Heavy rain soaks parts of Victoria, New South Wales and ACT
30 April 2020
A strong cold front sweeping across southeastern Australia is producing widespread heavy rain across parts of VIC and NSW, with some places seeing their heaviest April falls in decades, and some stations even now recording their wettest April on record.
The amount of rain cold fronts generate depend heavily on the moisture feed from the oceans surrounding Australia. Last year, many cold fronts crossing the country were dry due to unfavourable climate drivers, with strong winds helping fuel bushfires, and dry westerly winds preventing any moisture build up over the country.
As the climate drivers in Australia are now neutral, moisture has built up over the country, with this unseasonably strong cold front producing widespread heavy falls.
Central and eastern Victoria and into southern NSW saw the heaviest falls, with widespread falls of 10-30mm. Some of these falls even spread into the far southwest of NSW, with Ivanhoe recording 32mm (heaviest April fall in at least 16 years) and Wentworth 29mm.
Across northeast Victoria and the southern and central NSW ranges/slopes and alpine areas, falls of 25-50mm were commonplace, with some alpine areas seeing falls in excess of 100mm. Mount Buller recorded 117mm to 9am, its heaviest April fall in more than three decades, and its best rain since December 2017.
In NSW, Bathurst had its heaviest April rain in more than 20 years (39mm), whilst Thredbo had its heaviest April rain in more than 30 years. Cowra's 51mm was its heaviest fall since December 2017. The nation's capital recorded a healthy 24.4mm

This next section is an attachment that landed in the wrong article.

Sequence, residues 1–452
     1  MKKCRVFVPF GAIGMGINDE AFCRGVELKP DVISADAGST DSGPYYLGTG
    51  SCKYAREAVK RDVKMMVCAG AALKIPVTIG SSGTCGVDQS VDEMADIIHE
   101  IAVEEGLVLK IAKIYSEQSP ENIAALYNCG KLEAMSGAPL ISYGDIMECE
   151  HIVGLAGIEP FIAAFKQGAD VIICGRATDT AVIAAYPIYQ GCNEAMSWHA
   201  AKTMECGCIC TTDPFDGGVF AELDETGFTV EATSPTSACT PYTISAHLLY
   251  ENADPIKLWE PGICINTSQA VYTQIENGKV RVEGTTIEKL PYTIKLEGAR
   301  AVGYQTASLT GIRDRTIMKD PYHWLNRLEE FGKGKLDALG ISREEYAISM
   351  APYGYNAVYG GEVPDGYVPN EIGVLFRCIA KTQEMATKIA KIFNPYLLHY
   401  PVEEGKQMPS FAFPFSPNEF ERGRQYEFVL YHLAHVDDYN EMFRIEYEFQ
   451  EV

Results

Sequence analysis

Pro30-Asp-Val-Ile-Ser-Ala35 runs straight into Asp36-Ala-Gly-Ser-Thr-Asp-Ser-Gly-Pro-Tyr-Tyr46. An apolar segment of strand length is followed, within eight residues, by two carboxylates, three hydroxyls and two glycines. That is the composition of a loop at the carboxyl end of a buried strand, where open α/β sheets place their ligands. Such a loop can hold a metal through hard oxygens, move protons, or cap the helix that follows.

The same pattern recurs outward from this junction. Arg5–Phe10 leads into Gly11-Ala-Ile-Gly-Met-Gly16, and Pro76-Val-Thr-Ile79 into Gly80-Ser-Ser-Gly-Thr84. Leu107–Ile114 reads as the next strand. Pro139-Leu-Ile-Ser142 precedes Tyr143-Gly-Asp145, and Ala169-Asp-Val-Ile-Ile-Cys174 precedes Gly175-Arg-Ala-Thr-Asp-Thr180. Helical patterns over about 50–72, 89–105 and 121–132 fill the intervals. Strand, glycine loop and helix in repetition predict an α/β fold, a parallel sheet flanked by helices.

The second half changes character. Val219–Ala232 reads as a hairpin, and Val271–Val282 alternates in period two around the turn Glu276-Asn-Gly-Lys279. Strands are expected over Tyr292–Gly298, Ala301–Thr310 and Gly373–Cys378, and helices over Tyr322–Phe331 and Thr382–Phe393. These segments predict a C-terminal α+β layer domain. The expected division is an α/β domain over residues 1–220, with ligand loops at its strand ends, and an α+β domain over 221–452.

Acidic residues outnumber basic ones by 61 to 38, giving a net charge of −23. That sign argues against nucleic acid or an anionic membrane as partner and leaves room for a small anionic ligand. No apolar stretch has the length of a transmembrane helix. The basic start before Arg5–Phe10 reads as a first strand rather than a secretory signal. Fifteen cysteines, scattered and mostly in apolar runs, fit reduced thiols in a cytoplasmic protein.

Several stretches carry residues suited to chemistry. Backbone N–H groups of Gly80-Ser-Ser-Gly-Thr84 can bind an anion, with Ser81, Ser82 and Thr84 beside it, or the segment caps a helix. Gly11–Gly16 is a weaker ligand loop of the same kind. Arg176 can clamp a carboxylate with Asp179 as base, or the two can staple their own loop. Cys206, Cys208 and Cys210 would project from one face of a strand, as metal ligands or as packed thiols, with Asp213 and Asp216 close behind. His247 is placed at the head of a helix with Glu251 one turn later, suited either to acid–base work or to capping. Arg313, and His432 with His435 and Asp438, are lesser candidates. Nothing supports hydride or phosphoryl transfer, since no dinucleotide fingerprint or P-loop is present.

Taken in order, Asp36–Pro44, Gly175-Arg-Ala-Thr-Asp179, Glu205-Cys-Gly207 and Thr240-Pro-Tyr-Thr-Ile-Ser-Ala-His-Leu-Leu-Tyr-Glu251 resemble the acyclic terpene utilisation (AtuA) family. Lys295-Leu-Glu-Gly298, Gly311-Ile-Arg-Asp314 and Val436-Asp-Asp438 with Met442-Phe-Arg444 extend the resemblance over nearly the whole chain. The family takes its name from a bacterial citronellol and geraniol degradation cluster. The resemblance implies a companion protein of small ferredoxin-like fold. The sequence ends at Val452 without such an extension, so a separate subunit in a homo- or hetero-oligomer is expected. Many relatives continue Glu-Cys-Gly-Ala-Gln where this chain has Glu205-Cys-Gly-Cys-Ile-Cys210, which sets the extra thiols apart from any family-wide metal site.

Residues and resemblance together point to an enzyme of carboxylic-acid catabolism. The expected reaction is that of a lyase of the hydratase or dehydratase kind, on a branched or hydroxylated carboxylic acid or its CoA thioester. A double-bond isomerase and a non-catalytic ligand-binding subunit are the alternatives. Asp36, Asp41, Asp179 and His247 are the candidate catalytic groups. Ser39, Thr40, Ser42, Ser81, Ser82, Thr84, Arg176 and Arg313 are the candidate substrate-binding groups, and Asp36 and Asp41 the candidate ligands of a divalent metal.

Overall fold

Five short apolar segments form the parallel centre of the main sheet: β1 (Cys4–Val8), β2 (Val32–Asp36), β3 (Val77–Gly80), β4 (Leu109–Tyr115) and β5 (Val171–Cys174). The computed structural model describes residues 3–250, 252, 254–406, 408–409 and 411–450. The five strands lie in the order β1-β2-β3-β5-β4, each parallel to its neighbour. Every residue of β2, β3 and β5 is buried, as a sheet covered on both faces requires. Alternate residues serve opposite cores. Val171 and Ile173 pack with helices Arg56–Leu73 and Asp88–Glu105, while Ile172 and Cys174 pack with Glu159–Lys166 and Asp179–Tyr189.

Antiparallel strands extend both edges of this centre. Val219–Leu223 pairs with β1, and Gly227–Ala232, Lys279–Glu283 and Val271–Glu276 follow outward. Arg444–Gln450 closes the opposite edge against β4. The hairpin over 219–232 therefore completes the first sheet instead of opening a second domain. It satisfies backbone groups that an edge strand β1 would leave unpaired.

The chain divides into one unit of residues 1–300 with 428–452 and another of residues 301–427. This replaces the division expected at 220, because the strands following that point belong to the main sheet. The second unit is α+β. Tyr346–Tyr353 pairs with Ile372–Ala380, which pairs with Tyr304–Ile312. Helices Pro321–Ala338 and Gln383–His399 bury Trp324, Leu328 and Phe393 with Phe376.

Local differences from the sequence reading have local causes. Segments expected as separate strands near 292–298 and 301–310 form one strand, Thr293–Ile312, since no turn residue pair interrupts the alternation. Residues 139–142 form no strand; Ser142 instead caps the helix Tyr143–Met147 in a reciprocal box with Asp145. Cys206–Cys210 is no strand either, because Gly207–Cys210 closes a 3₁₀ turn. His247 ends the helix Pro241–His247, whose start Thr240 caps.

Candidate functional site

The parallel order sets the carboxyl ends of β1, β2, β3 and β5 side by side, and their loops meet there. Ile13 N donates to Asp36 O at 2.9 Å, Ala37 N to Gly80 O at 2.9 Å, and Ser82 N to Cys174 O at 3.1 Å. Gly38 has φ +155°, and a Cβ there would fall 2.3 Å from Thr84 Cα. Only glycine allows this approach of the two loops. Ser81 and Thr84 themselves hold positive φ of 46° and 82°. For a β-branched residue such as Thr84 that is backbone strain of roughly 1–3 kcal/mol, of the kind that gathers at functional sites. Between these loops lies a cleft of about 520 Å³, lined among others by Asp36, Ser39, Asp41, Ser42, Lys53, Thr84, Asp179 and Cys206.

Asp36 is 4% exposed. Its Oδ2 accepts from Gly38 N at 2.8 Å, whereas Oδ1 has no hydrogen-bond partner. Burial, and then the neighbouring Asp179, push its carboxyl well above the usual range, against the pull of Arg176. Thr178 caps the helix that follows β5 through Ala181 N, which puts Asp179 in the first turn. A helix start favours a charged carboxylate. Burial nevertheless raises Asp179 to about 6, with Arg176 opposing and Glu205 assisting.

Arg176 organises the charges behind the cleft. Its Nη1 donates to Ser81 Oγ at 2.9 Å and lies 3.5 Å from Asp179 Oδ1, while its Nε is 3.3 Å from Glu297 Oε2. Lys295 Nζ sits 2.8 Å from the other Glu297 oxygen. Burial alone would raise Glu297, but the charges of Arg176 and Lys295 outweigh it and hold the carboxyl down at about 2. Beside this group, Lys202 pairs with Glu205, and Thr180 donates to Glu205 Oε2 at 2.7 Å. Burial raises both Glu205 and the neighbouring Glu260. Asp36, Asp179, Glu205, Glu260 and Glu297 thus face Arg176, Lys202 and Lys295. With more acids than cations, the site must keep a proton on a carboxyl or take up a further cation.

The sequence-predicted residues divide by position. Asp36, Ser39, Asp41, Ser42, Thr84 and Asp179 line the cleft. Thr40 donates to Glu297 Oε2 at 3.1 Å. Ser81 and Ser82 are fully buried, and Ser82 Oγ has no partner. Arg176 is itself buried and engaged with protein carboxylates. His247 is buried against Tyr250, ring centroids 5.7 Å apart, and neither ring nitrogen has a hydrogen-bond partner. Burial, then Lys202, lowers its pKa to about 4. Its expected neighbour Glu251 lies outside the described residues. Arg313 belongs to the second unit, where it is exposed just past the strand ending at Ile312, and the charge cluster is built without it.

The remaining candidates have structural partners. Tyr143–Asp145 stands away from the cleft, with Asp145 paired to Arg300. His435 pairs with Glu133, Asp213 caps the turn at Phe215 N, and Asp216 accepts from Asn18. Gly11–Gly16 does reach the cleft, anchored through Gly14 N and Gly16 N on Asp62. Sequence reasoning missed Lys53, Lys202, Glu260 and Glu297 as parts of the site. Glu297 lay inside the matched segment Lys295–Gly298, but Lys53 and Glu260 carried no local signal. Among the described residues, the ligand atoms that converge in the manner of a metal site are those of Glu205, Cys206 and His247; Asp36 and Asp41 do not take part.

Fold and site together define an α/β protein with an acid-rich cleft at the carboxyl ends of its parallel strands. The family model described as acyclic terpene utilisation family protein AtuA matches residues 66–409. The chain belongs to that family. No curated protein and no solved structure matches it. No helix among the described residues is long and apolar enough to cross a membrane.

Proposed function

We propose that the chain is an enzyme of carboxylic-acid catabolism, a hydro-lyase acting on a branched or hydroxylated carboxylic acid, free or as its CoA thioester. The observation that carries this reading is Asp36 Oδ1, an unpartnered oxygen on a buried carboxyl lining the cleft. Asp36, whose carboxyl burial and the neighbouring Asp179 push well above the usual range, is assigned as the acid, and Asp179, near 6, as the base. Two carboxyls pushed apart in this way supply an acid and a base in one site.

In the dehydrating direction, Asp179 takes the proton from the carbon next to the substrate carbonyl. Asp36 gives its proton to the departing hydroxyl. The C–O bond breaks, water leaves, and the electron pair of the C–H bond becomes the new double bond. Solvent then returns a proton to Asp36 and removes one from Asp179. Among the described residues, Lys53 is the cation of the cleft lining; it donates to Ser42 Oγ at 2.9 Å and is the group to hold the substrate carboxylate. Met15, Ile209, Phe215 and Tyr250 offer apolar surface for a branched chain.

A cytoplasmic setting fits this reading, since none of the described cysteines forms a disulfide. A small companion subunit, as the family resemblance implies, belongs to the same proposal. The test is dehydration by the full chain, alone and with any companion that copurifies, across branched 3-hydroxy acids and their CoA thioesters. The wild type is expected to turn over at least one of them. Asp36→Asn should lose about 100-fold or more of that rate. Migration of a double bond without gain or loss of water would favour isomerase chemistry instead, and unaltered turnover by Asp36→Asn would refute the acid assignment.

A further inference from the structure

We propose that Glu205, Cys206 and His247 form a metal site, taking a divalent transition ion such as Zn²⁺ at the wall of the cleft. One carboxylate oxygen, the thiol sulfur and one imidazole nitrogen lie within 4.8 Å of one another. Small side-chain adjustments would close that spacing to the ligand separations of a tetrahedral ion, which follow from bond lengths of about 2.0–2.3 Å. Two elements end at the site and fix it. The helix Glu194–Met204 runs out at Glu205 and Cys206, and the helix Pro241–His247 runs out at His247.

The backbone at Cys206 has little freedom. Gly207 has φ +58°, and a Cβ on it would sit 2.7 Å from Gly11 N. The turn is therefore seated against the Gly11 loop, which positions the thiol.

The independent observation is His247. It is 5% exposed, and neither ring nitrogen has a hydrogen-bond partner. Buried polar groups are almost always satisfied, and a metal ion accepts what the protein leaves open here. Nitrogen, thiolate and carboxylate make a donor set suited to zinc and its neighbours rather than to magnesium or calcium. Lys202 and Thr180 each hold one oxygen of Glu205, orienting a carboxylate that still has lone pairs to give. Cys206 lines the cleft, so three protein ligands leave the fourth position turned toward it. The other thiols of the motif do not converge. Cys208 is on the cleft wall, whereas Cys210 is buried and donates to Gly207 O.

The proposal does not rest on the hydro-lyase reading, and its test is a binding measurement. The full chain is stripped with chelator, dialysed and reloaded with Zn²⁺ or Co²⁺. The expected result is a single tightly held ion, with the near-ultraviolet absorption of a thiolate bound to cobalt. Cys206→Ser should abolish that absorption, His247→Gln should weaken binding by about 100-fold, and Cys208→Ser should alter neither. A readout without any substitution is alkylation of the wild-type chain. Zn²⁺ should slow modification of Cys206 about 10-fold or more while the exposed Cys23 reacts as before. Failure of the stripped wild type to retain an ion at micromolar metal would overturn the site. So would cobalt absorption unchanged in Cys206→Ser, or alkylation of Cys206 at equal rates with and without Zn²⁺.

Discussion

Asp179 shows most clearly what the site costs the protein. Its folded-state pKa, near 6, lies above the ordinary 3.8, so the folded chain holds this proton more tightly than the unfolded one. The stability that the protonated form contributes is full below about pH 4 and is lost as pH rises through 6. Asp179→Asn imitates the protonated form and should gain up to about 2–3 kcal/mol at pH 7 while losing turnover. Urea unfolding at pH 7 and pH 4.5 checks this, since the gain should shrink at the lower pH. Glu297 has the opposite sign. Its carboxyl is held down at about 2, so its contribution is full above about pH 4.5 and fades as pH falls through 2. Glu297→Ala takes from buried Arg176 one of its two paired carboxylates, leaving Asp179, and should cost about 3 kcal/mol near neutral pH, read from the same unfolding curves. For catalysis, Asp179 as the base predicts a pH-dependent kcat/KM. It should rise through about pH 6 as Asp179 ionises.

The rain has meant many areas across Victoria and inland NSW are seeing their wettest April on record, or at least in decades. Some notable locations (with more than 30 years of data) include Yanco (113.2mm, 60 years of records), Thredbo Village (323.3mm, 46 years of records), Scoresby (202.2mm, 66 years), Oyten (94.9mm, 104 years), Tatura (130.4mm, 75 years), Lake Eildon (207.6mm, 127 years) and Mount Buller (358.6mm, 34 years).
The front is continuing its March across the country today, with rain and thunderstorms impacting eastern NSW and into southern QLD, although falls are expected to be lighter and patchier than those seen further south.
In the wake of the front temperatures will plummet more than 5 degrees below average, which will linger into early next week. Snow has started falling over alpine areas and the Tasmanian highlands.
Image 1: 24 hour rainfall totals across the Murray-Darling Basin to 30th April, 2020
Image 2: April rainfall deciles across the Murray-Darling Basin, showing high rainfall totals throughout April
Image 3: Satellite image as cold front crosses the south east of the country. Speckled cloud shows the very cold air with the system